- How to evaluate target segments
- How to position your product to win, and
- How to create a marketing mix plan
Prater explained the tools and strategies you can use to carry out these actions. This included audience intelligence tools, the STP (segmenting, targeting, positioning) plan, and the developer customer journey.
One key takeaway from this session is that developers are very complex and potentially difficult to understand. They can be segmented into dozens of industries (software, SaaS, hardware, AI, IoT, etc.), programming languages, and vary widely in experience levels. But they all have something in common: they want to learn.
Successful Developer Education: Who Has Done It & What Does It Look Like?
Nate Aune, CEO, Appsembler
Our CEO, Nate Aune, explored the topic of developer education, focusing on:
- Why developer education is important
- What we can learn from companies that have successfully implemented developed education initiatives
- How you can launch or improve your developer education program
Aune looked at the tools you can use to build your developer education program, including:
- Hands-on product labs that provide a sandbox environment of your product so developers can directly experience its value
- Self-paced courses and tutorials that focus on helping developers learn about the industry and how to overcome their problems, not just your product
- Interactive developer documentation with quizzes, code grading, and sample code
The final part of this session focused on using telemetry to measure the success of your developer education programs and find areas where you can improve these initiatives. By using your data to build rich developer profiles, you can better tailor your content to meet the needs of your audience.
Note: A more in-depth write-up of Nate’s session is coming, so stay tuned for that!
How to Build & Engage Developer Communities
Nisha Baxi, Mercy Orangi, Sara Rosso & Mike Stowe
Gong, Shopify, HubSpot & RingCentral
In this session, these four developer marketing experts discussed the importance of communities to developers. They noted that developer communities are different from other communities, and the places where you need to engage developers are always changing. Technology is not the barrier to entry when it comes to reaching developers; it’s about keeping up with where they are spending their time.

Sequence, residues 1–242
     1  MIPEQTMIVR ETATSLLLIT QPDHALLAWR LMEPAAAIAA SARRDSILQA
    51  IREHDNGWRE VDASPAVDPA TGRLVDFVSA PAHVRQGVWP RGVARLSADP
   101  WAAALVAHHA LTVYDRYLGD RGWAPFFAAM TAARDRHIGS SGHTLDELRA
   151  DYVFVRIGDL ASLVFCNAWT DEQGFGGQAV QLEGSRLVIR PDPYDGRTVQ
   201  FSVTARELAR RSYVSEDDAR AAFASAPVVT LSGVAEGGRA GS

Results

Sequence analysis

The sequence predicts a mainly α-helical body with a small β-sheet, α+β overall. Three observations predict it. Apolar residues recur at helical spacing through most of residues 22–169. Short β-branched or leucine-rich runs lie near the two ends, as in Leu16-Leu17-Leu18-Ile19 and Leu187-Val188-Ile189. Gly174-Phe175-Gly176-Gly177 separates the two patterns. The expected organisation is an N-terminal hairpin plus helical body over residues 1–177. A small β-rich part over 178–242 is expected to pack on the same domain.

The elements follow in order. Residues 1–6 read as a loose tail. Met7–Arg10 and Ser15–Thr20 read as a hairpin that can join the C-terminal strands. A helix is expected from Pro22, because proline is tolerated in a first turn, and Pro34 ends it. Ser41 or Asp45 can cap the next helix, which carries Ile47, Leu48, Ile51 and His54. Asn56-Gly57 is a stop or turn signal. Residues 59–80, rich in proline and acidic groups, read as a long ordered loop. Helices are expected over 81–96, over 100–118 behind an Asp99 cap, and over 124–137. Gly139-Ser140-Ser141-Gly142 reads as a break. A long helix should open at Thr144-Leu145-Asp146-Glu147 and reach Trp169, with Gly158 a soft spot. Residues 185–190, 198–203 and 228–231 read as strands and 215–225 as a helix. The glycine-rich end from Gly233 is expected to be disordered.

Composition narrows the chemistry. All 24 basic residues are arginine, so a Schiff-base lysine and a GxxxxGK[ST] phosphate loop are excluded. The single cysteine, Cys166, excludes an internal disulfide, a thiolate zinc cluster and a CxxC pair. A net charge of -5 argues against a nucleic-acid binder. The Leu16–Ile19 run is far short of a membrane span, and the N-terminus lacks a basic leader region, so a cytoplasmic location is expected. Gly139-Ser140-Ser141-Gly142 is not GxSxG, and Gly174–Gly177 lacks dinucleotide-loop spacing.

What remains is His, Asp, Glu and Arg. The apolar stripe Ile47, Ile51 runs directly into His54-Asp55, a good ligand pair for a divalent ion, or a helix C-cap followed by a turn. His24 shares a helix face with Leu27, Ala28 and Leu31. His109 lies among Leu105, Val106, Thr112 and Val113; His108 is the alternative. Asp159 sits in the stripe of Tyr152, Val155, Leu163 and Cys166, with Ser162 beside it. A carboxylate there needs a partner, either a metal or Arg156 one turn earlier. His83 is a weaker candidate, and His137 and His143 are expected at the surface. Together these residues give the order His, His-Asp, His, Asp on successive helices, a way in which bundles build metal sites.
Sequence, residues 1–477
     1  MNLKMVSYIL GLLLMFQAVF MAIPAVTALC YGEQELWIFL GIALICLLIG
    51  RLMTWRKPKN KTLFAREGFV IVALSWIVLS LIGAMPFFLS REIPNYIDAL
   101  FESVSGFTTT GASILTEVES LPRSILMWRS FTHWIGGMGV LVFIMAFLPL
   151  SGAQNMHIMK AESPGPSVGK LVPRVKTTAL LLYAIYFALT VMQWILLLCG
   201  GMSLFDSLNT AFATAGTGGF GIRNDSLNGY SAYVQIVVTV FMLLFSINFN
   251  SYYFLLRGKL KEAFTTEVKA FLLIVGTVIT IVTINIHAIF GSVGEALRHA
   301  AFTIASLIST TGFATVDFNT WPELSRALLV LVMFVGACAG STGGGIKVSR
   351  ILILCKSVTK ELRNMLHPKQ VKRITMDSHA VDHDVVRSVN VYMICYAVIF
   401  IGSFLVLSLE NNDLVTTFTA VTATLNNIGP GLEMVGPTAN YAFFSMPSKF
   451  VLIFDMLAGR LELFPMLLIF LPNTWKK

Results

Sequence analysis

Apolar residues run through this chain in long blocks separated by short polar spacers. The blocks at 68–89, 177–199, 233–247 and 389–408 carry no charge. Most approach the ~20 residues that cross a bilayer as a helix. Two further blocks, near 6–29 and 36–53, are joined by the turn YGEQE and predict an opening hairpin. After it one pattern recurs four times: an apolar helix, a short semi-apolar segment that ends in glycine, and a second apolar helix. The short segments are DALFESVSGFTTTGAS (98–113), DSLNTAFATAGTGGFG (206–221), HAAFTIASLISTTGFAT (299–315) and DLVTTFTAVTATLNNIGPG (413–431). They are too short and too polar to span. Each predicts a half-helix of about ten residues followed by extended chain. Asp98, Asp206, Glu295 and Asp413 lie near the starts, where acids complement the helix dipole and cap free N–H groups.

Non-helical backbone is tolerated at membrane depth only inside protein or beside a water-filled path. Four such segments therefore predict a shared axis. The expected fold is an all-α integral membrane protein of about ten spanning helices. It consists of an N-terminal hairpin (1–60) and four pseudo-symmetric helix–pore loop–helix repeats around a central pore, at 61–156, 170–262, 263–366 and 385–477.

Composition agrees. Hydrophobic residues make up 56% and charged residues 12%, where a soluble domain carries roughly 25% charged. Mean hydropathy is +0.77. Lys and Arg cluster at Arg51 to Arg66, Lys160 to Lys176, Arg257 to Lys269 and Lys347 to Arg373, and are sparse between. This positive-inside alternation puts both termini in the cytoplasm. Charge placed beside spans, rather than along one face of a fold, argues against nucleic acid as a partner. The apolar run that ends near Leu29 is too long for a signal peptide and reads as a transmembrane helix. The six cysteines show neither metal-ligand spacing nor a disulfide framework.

They also explained that you need to remember that the community belongs to the developers. The developer community does not belong to you or your company. So ask developers what they need and what you can do for them, not vice versa. Do they need content, speakers, advice, video equipment (to stream themselves coding), or something else?
When it comes to measuring success, it’s easy to forget that the purpose is to add value to the community, not generate ROI. Some communities might be measurable for awareness (but not monetization), while other communities might be measurable for efficiency metrics, but not something else.
Scale to Succeed: Running Platform Marketing Programs at Enterprise-Scale
Abhishek Ratna, Karan Nigam & Averie Wong
Google, Palo Alto Networks & LinkedIn
This session focused on the benefits of platform marketing and leveraging marketing capabilities from users and communities. The metrics you can use to measure platform marketing include:
- Pipeline coming from your ecosystem of developers
- Help and engagement from your ecosystem
- # of developers
- # of apps published by ecosystem developers
- Developer satisfaction (CSAT, NPS)
These platform marketing experts also discussed the tools you can use to add value to developers so that they promote your product in their communities, including giving them access to your product roadmap and beta code. Companies should not forget about brand marketing as most developers want to align with companies/products that represent a bigger movement or have passed the test of time.